Tuesday, October 21, 2014
By Tamara Jones
EAL Instructor, British School of Brussels
Students rarely find anything more difficult to do. There are just so many steps and potential pitfalls. First students have to understand the primary text. Then, they have to identify the key points. Finally, in order to avoid copying, they have to use synonyms to restate the main points and shift those words around to form grammatical constructions that differ from the original. Any one of these steps is difficult on its own. Doing them all together is enough to make even the coolest secondary school student break into a sweat.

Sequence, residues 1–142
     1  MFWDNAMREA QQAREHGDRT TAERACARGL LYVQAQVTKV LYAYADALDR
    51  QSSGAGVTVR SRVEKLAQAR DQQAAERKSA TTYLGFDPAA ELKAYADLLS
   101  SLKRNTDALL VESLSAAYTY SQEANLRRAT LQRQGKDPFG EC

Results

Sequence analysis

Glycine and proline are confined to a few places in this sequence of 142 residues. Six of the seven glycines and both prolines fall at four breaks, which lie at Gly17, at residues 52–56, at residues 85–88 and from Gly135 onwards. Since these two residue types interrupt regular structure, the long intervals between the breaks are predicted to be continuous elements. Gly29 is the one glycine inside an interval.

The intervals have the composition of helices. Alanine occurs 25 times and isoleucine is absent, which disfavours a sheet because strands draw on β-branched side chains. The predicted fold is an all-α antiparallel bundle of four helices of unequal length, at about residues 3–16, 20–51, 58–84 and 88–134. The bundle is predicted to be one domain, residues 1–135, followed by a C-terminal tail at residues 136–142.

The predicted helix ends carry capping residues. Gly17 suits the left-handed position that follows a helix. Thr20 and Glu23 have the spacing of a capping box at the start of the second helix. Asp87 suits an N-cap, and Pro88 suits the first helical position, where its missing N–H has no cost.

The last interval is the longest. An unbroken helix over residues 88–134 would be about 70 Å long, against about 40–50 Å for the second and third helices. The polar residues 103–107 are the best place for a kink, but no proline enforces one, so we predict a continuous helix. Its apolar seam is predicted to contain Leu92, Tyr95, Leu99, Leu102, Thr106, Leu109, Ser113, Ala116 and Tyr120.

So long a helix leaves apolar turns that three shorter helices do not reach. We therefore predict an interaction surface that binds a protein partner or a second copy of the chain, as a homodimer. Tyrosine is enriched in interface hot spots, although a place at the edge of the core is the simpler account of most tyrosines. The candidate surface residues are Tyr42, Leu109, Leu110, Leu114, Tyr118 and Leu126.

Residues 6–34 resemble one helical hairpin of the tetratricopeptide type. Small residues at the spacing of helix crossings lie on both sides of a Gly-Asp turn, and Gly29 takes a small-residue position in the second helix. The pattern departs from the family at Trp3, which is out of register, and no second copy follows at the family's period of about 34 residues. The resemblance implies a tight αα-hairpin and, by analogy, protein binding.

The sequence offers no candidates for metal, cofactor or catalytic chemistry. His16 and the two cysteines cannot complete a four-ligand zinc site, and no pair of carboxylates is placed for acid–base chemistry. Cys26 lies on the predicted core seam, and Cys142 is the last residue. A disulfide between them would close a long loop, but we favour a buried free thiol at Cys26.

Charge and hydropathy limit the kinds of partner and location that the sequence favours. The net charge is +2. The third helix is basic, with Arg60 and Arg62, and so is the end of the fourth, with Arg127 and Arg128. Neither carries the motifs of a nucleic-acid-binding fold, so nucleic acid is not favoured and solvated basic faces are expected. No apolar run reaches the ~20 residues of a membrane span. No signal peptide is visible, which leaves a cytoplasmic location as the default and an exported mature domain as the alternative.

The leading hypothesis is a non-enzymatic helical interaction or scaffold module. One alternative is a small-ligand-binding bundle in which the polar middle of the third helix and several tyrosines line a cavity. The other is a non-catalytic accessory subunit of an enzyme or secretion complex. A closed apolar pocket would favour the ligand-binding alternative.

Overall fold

Right now, some of my students at the British School of Brussels are studying for the IGCSE E2L exam, which they will take next year. One of the sections of the test is a summarizing component in which the students must read and summarize an academic passage. The students struggle with this part of the exam more than the other readings and writings they have to do. Having the vocabulary to understand and restate the key ideas from the passage is a huge challenge for them. But, more than anything, they have trouble transforming the structure of the original sentences.
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